This should come as no surprise to anyone who is at all familiar with his music or with the man himself. At Tuesday night's appearance at the Jack Singer Concert Hall, he channeled that moodiness in a powerful, if somewhat sombre, performance.
In the last few years, Good's music has been decidedly more introspective and sombre. Starting with the acoustic reworking of many of his hits on 2005's In a Coma, and culminating with the dark and intensely personal recent release, Hospital Music, Matt Good has been increasingly moving away from his rock hits of the past and into the dark recesses of his mind.
Many of the songs on Hospital Music were born during the several months he spent on a psychiatric ward, dealing with bipolar disorder, the breakup of his marriage, and his own subsequent breakdown. They are scathing and dark and highly personal, and they form the basis for Good's current tour.
The night opened with an upbeat set by Dala, a girl and guitar duo from Ontario. They had a wonderful stage patter, lively and funny banter, and lovely harmonies. They ended their set with an a capella rendering of Fever/Hit the Road Jack, while the rest of their set was original offerings. Think Canadian hetero Indigo Girls, and you get the idea.
Matt made a typically low-key but dramatic entrance, performing the opening song stock still on a darkened stage under a low blue light. He launched into a series of songs, mostly from the new albums, without any audience interaction, but then after about the third song, paused, had a casual sip of wine, and started chatting. Matt Good is, of course, famous, for his intelligence, his political savvy, his quick and sardonic humour, and his unwillingness to suffer fools. Amazing songs aside, righteous indignation has always been a high point of his concerts. When he rips into political systems, regimes, high-powered individuals, the audience eats it up.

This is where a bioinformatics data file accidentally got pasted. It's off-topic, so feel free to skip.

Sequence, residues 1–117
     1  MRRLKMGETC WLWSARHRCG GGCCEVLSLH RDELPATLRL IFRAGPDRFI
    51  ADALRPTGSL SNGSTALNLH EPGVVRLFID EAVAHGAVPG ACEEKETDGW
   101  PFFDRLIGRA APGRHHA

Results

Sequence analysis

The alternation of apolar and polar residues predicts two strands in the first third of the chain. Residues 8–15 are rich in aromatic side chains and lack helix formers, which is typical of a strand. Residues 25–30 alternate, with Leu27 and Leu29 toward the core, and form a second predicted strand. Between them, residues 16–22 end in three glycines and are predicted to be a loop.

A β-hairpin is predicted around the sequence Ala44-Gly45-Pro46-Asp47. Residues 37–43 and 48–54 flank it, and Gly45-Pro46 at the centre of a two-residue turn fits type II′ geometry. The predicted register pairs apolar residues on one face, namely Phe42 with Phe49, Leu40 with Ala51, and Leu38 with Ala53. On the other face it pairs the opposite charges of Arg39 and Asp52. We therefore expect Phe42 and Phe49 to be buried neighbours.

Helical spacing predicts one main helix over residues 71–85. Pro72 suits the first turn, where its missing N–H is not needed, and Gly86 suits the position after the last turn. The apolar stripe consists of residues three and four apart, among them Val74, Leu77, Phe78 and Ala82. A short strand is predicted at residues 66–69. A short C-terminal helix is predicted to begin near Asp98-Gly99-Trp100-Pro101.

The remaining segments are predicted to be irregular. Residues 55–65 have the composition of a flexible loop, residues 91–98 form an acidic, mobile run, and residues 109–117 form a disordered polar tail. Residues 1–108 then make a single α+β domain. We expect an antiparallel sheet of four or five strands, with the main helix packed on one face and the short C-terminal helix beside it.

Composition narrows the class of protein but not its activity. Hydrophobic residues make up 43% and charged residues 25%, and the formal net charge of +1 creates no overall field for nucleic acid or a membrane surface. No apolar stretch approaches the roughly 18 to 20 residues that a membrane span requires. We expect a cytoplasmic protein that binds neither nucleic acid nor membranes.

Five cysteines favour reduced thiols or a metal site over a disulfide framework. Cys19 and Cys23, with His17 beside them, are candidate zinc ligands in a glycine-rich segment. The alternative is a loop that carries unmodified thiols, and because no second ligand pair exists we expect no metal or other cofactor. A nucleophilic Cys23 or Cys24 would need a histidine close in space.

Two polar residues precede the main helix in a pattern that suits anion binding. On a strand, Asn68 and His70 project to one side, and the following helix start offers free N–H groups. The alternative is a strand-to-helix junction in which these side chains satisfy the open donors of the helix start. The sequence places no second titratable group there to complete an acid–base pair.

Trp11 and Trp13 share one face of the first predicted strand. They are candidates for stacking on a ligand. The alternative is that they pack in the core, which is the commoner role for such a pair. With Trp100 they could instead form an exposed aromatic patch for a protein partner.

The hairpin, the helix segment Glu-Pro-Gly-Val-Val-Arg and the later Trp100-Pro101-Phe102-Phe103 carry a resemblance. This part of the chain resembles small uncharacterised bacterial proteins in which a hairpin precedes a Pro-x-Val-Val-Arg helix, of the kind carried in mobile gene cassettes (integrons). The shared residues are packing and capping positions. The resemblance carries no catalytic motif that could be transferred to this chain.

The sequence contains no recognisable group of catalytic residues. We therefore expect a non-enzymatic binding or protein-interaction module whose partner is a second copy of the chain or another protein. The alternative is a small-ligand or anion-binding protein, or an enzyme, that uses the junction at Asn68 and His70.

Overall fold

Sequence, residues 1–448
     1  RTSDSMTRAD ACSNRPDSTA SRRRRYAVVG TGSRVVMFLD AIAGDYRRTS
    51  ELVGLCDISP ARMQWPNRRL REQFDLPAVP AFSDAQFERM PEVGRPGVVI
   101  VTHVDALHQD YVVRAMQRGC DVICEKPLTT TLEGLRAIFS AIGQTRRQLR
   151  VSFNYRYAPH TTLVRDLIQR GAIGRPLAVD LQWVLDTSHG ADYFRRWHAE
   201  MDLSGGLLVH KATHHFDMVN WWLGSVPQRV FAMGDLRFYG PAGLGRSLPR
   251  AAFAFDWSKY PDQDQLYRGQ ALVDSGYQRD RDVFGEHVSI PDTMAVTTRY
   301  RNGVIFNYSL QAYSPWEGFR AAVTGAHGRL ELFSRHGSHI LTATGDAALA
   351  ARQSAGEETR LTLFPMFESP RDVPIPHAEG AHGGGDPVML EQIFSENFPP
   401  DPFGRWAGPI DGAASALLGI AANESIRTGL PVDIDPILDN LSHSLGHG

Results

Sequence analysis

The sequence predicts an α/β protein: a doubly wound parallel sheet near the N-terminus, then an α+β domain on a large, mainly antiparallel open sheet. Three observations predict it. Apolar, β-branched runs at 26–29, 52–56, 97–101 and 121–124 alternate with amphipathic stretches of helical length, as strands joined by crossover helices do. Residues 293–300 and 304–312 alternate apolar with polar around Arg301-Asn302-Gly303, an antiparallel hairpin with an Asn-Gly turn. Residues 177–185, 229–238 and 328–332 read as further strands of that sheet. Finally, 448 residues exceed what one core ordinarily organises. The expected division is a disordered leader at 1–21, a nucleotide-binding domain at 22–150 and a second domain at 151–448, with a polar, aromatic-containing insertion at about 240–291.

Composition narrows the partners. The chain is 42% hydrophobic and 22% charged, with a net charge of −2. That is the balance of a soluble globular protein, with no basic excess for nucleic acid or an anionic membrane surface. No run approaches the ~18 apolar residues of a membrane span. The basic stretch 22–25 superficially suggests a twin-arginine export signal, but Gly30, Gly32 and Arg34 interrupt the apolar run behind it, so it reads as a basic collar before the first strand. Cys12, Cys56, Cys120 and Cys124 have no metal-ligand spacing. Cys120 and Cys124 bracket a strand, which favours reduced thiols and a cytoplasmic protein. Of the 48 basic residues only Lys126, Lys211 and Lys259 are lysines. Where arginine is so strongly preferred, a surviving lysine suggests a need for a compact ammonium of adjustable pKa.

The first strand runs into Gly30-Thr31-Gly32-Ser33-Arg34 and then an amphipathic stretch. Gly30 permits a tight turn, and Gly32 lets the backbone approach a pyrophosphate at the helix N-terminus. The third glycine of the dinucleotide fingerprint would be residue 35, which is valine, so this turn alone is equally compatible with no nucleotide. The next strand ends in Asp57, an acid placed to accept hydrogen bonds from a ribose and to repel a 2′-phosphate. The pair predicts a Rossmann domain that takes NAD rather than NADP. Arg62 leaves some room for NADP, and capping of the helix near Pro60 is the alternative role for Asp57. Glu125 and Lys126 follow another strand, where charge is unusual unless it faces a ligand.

There was really far too little of that on Tuesday night. There was a nice moment when he chastised some in the audience for the "fucking Alberta rivalry" being displayed, and questioned why people weren't instead pissed off at the provincial government. That was pretty great, vintage Good fare, culminating with "so don't waste your time booing Edmonton", followed by the perfectly comedically timed "unless of course there's a hockey game going on somewhere". And that launched into a gloriously hilarious rant about Vancouver Canuck uniforms, which somehow morphed into the speculation that eventually one Calgary Flames fan, wearing a flammable jersey, would be sacrificed each game (referring to the Flames' tradition of igniting a giant flame in the arena with each goal scored).
And then, it was as though a switch were turned off. The banter ended and the rest of the evening was heavily immersed in the intensity and at times gloominess of an acoustic set. Matt sounded wonderful, his voice as strong as it has ever been, his songs wonderfully wrought, but the bitterness and the intensely personal nature of the material made for a very moving and at times difficult show.
But no one, least of all Matthew Good, ever said it would be easy.
Metal Airplanes.mp3 (hospital music)